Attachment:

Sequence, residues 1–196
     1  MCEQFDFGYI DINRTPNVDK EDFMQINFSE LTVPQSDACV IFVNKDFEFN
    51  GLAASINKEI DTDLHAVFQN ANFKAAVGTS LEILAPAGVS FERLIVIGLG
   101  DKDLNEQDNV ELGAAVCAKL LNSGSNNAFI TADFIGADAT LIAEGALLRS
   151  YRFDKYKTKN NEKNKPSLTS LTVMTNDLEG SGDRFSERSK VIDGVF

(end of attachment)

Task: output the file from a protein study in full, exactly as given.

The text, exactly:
Sequence, residues 1–196
     1  MCEQFDFGYI DINRTPNVDK EDFMQINFSE LTVPQSDACV IFVNKDFEFN
    51  GLAASINKEI DTDLHAVFQN ANFKAAVGTS LEILAPAGVS FERLIVIGLG
   101  DKDLNEQDNV ELGAAVCAKL LNSGSNNAFI TADFIGADAT LIAEGALLRS
   151  YRFDKYKTKN NEKNKPSLTS LTVMTNDLEG SGDRFSERSK VIDGVF